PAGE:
Medjai Warriors: Protectors of the Pharaoh in Kemet

Medjai Warriors: Protectors of the Pharaoh in Kemet

In the annals of Ancient Egyptian History in Kemet, the Medjai Warriors of Kush stood as a formidable force, renowned for their exceptional skills in combat and unwavering loyalty to the Pharaoh. Serving as an elite unit of the Egyptian Army, the Medjai used various weapons in the vital role the Medjai Warroirs played in safeguarding the Pharaoh by defending the Crown Of Kemet.

Additionally, we will explore how the Medjai Warriors played a significant role in the rise of Black Egyptian Pharaohs, who often emerged from their ranks, and how they originated from Southern (Upper) Egypt in the African interior.

The Spear: Primary Weapon of the Medjai

The spear, which also signified the Pharaoh’s authority as the Sekhem Sceptre in Kemet was one of the main weapons of the Medjai Warriors.

These warriors were highly skilled in spear combat, using it to both thrust and throw with great precision and power. The spear had a long shaft made from wood or bamboo, typically measuring around six to eight feet in length. At the tip, a spearhead made of bronze or iron was attached, giving it a lethal edge. The spear provided the Medjai with excellent reach and versatility in both close-quarter and open-field combat, making it an essential tool for their protective duties.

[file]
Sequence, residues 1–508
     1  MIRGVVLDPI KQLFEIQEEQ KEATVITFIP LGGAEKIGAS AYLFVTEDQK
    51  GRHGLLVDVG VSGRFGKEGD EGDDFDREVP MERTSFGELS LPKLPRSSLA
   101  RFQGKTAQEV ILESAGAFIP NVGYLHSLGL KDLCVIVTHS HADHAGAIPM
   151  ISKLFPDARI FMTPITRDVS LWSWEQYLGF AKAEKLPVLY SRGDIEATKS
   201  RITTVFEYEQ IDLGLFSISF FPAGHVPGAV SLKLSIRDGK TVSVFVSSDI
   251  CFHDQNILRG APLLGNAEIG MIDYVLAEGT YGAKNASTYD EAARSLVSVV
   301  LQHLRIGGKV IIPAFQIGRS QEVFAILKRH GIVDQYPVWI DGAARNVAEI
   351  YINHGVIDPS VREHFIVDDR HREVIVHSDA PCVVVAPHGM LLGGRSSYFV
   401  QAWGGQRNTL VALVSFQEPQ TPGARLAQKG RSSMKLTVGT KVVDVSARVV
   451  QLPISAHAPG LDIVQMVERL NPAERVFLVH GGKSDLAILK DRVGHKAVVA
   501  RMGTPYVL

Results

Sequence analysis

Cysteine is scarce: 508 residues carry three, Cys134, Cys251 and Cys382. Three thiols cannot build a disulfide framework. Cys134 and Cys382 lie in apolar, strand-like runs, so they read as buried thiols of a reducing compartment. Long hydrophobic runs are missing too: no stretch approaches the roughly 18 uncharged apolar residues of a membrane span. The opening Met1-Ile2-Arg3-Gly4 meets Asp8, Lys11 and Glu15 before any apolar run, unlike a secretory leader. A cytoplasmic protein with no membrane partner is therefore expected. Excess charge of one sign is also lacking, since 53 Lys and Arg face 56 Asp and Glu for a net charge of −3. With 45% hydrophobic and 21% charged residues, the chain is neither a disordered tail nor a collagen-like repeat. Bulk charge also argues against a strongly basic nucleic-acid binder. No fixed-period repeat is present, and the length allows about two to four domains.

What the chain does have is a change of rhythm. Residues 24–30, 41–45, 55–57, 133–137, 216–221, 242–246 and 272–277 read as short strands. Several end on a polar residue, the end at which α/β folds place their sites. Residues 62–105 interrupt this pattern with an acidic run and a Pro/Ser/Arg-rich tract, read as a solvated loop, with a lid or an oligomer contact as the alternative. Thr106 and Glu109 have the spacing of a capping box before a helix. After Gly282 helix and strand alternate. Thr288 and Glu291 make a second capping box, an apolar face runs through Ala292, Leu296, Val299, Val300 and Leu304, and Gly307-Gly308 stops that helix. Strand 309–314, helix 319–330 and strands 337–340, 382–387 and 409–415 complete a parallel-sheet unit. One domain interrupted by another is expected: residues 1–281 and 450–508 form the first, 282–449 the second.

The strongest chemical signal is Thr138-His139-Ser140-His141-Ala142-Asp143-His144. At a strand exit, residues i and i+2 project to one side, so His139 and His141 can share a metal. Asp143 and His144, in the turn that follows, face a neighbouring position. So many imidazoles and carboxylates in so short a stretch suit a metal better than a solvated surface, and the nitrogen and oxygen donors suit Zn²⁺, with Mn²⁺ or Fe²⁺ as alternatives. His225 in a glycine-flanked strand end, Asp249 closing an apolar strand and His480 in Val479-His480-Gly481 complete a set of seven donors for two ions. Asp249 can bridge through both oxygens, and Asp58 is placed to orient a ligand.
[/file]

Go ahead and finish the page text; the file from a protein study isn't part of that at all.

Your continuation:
The Khopesh: Iconic Curved Sword

The Khopesh, a distinctive curved sword, was a weapon closely associated with the Medjai Warriors. This ancient Egyptian blade had a unique shape, featuring a curved edge on one side and a straight back on the other. The khopesh was primarily designed for slashing and hacking, allowing the Medjai to deliver devastating blows to their enemies. It was typically made of bronze or iron and featured an ornate hilt adorned with symbols and engravings, representing the prestige and status of its wielder.

The Bow and Arrow: Versatile Ranged Weapon

While primarily known for their prowess in close combat, the Medjai Warriors also excelled in archery dating back to the Ancient Pre-Dynastic Nile Valley Civilization of Ta-Seti.

Medjai Warriors: Protectors of the Pharaoh in Kemet

The bow and arrow were employed by these elite warriors to engage enemies from a distance. The Egyptian composite bow, made of layers of wood, sinew, and horn, was renowned for its strength and accuracy. The Medjai archers were highly skilled, capable of shooting with exceptional precision even on horseback. The arrows, tipped with sharp metal heads, were lethal projectiles that could strike down enemies at a distance, providing the Medjai with a versatile and effective ranged weapon.

The Shield: Defensive Arsenal

As protectors of the Pharaoh, the Medjai Warriors prioritized defense alongside offense. They utilized a variety of shields, most notably the large rectangular shield known as the “hedjet.”